Electrocution new security threat in rhino conservationElectrocution of pachyderms was hardly reported in the past, but a recent incident shows that it has emerged as a tactic for poaching.
Ramesh Kumar Paudel
The Department of National Parks and Wildlife Conservation has launched an investigation into the electrocution of two rhinoceros in Chitwan National Park.
Two rhinos, a female of around 14 years and a male calf of about four years, were found dead in the Amaltari sector of East Nawalparasi on January 20. The dead bodies were left behind on the bank of the Narayani river. Postmortem report confirmed that both the rhinos died of electric shock, according to Ganesh Prasad Tiwari, the information officer at Chitwan National Park.
Five days after the incident, the department formed a six-member probe team to investigate the case and devise security strategies to avert such incidents in future.
On Monday, the team held discussions with national park officials and officials of Nepal Army deployed for park security, Deputy Director General Ajaya Karki, who leads the probe, said. They also met with the chairman of the buffer zone development committee, consumers’ committee chairman and community-based units working against poaching and inquired about the incident, Karki said.
The team also visited the incident site on Tuesday.
The horn of the calf was intact but that of the adult female rhino was severed away, Karki said. This has led conservationists to conclude that poachers killed the rhinos and whisked away a horn.
Karki said that poachers possibly connected live wires from a temple around 200 metres from the incident site to electrocute the rhinos.
That the incident happened on a major grazing trail of the rhinos has had conservationists worried. “The incident of January 20 showed that the poachers could use any method to poach rhinos,” said Maheshwar Dhakal, the department’s director general. “It highlights the security challenges in wildlife conservation.”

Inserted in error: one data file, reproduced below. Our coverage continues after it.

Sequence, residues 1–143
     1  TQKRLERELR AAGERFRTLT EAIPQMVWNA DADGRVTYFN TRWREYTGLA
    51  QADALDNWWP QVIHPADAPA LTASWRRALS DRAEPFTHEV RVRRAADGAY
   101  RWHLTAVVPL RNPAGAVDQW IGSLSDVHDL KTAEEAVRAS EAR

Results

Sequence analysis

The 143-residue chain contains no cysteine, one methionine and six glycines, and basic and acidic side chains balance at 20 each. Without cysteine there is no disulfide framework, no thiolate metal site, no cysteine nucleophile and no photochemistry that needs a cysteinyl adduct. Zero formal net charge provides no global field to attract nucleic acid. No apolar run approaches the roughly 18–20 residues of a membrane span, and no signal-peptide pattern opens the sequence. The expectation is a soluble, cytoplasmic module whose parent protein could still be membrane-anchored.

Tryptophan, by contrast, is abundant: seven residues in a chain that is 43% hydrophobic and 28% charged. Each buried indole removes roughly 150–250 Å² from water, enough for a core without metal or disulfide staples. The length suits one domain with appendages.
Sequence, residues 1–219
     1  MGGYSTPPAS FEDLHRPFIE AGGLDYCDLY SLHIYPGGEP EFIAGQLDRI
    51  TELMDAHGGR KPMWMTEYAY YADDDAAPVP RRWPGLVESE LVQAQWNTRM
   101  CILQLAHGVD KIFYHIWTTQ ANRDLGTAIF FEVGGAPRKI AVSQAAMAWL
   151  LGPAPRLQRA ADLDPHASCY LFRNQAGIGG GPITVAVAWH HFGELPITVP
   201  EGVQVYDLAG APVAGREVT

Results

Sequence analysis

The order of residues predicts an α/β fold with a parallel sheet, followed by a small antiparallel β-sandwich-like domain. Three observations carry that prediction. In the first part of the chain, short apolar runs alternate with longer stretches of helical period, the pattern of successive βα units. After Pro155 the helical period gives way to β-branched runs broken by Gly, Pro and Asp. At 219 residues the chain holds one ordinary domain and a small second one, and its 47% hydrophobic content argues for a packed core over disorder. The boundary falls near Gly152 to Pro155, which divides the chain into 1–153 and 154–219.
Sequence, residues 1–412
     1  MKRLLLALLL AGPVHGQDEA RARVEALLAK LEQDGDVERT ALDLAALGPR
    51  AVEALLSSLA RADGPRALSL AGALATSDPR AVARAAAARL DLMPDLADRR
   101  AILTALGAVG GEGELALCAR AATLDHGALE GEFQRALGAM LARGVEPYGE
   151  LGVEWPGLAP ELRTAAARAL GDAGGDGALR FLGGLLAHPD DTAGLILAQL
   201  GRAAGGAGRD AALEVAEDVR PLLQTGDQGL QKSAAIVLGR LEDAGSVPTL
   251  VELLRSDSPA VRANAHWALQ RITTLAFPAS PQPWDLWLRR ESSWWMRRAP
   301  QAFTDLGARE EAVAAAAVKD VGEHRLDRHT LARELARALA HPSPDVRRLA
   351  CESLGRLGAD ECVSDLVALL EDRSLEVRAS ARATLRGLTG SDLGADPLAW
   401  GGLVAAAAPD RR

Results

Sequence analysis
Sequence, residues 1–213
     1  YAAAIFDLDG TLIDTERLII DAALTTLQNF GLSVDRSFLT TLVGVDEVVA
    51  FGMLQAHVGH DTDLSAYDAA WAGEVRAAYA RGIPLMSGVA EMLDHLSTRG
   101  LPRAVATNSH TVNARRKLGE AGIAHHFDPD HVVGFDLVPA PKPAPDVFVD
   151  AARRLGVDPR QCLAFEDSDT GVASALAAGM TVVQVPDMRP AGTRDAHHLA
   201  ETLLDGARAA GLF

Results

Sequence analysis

Dhakal added the probe team will study the incident and submit its report within a month. “We will formulate security strategies on the basis of the findings of the study team,” he said.
Electrocution of rhinos for poaching was hardly reported in the past. The only such incident reported in the last two decades was in 2005 at Jagatpur community forest in Chitwan.
“The incident shows that poachers are using new techniques to kill rhinos,” said Kamal Jung Kunwar, the former chief conservation officer of Chitwan National Park. “They used to trap rhinos by digging pits. Later, they began to use spears and muskets. Poachers now use automatic rifles. Electrocuting has emerged as another way to poach the rhino.”
The one-horned rhino is an endangered wildlife species. According to the latest census held two years ago, the population of one-horned rhino stands at 752 in the country. Chitwan is home to 694 rhinos, an increase of 89 since the last census in 2015. The number of rhinos fell sharply in the 1950s and 60s but started to rebound after the establishment of the Chitwan National Park, the country’s oldest national park, in 1973.